The largest ship Britain has ever built has a leak.
The HMS Queen Elizabeth, the first in a new class of aircraft carriers which took 3.1 billion pounds ($4.2 billion) and eight years to construct, has a faulty seal around one of its propellers.
This leak, which was discovered during sea trials, is not a serious — i.e. sinking — problem, but could be costly to repair. The faulty seal allows 200 liters of water (about the amount it takes to fill a standard bathtub) into the hull every hour that then has to be pumped back out of the 64,000 tonne craft.
The defect does not prevent the craft from sailing and will not affect further sea trials, according to a Royal Navy spokesman.
The Navy likely knew about the leak earlier, but held off on announcing repairs until after a visit from the Queen of England on December 7 to commission the vessel.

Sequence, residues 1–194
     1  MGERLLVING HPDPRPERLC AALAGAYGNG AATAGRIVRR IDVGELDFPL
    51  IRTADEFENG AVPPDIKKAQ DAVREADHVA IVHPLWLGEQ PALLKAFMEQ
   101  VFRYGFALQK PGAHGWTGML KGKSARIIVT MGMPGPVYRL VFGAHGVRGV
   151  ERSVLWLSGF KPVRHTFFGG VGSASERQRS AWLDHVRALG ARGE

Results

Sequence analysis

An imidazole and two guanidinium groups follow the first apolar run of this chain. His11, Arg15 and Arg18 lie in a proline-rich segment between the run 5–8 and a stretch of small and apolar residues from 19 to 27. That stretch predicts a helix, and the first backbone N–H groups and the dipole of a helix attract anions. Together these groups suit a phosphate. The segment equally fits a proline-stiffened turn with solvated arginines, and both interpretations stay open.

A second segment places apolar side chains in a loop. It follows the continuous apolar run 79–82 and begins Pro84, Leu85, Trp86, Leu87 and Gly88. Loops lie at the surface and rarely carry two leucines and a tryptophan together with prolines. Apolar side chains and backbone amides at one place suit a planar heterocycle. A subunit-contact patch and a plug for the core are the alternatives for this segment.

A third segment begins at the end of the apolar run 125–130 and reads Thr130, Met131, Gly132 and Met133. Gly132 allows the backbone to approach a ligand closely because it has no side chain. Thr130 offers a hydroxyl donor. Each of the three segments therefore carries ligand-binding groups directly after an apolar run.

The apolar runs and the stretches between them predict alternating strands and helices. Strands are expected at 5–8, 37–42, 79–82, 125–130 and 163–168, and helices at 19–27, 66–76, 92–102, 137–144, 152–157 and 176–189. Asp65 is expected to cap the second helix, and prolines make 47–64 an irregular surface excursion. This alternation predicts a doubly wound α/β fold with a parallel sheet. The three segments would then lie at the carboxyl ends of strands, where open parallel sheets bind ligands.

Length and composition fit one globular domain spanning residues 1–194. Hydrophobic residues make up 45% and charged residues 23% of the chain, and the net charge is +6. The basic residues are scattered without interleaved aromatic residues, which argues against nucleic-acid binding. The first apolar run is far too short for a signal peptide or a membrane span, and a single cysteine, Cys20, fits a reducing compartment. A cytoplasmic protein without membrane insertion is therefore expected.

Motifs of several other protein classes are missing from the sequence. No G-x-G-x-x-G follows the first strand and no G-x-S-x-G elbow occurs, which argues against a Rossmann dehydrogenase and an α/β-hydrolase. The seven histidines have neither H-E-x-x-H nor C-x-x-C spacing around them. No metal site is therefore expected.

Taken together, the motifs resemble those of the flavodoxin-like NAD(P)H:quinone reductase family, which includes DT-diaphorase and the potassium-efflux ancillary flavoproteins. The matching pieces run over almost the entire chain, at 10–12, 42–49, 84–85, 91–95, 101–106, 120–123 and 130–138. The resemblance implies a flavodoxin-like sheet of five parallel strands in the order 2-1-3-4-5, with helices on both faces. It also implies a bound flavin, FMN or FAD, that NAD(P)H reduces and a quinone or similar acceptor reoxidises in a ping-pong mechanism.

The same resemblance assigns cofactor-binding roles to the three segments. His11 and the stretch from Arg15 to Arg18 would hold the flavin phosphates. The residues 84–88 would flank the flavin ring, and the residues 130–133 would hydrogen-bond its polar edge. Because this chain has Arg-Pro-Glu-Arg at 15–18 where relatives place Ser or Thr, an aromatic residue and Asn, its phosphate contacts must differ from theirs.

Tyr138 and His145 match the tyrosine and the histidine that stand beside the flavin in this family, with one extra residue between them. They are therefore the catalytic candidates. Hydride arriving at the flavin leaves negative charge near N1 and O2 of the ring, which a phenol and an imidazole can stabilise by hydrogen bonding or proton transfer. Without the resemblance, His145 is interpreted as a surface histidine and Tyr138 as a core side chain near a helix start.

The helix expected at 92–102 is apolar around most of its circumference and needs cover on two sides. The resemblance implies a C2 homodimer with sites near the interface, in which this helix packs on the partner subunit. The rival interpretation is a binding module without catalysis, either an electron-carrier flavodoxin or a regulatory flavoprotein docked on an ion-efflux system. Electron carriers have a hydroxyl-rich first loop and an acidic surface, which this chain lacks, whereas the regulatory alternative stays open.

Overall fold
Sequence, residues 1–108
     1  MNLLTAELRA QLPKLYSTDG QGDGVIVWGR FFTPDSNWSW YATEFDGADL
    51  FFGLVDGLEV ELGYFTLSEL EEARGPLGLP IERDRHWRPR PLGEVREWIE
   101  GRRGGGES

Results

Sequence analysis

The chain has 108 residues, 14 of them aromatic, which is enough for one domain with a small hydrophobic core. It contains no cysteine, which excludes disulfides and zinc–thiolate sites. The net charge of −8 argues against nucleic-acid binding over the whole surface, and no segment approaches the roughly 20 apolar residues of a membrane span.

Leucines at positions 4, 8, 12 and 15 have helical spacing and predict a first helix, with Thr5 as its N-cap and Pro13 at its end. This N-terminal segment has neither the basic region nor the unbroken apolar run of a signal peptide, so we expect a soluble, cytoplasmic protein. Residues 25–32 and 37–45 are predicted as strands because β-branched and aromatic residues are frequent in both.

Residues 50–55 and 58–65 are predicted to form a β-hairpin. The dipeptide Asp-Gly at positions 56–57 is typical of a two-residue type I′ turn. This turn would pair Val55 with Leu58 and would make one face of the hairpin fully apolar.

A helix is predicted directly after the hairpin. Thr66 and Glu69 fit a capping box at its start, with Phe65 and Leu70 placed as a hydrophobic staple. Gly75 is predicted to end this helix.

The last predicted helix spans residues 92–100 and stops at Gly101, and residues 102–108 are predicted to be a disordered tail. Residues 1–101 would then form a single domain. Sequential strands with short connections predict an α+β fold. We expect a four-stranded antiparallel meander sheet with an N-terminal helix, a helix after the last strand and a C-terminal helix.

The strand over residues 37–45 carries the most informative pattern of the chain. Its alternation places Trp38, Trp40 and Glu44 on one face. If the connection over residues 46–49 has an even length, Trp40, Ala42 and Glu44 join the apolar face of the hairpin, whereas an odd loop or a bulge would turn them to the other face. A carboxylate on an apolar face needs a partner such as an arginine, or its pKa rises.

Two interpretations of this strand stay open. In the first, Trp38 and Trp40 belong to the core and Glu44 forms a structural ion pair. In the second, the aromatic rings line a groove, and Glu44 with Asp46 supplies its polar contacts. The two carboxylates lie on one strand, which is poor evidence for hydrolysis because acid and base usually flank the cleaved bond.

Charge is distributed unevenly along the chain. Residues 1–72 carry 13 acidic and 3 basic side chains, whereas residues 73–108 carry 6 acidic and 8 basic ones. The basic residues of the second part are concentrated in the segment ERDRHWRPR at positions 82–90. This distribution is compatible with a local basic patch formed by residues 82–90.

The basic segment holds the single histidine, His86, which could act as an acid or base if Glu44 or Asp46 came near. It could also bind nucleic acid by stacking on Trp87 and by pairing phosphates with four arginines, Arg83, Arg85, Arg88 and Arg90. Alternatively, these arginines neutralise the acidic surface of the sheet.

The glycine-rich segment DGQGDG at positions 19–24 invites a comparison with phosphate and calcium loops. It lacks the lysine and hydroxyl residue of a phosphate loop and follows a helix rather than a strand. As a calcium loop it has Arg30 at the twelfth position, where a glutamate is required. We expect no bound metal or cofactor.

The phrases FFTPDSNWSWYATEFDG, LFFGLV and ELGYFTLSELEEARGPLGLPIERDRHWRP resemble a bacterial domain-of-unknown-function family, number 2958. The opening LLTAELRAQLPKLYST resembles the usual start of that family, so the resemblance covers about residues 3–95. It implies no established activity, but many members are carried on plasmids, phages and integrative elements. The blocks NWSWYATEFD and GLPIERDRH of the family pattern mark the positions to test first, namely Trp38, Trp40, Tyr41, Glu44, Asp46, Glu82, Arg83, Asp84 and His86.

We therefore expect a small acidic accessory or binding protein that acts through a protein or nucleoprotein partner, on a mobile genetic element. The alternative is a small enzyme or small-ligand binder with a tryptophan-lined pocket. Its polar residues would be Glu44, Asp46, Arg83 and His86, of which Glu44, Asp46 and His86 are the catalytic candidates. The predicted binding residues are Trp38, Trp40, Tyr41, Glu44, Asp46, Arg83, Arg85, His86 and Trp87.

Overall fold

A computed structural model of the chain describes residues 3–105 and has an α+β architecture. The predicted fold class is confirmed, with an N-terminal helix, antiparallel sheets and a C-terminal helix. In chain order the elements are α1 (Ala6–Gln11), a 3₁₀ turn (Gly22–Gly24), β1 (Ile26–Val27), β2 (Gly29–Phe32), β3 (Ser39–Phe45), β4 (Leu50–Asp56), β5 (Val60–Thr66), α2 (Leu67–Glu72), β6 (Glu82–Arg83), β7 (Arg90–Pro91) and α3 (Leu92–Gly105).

The HMS Queen Elizabeth was built by the Aircraft Carrier Alliance, a grouping of British engineering companies BAE Systems and Babcock along with the United Kingdom division of the French Thales.
“This will be completed prior to the nation’s flagship re-commencing her program at sea in 2018,” BAE Systems said in a statement.
The cost of the repairs will be covered by the contractors who built the craft, British Defense Secretary Gavin Williamson said.
“This is the reason why we have the sea trials,” he said, “to make sure that everything is working absolutely perfectly. This is something that work is currently ongoing to deal with.”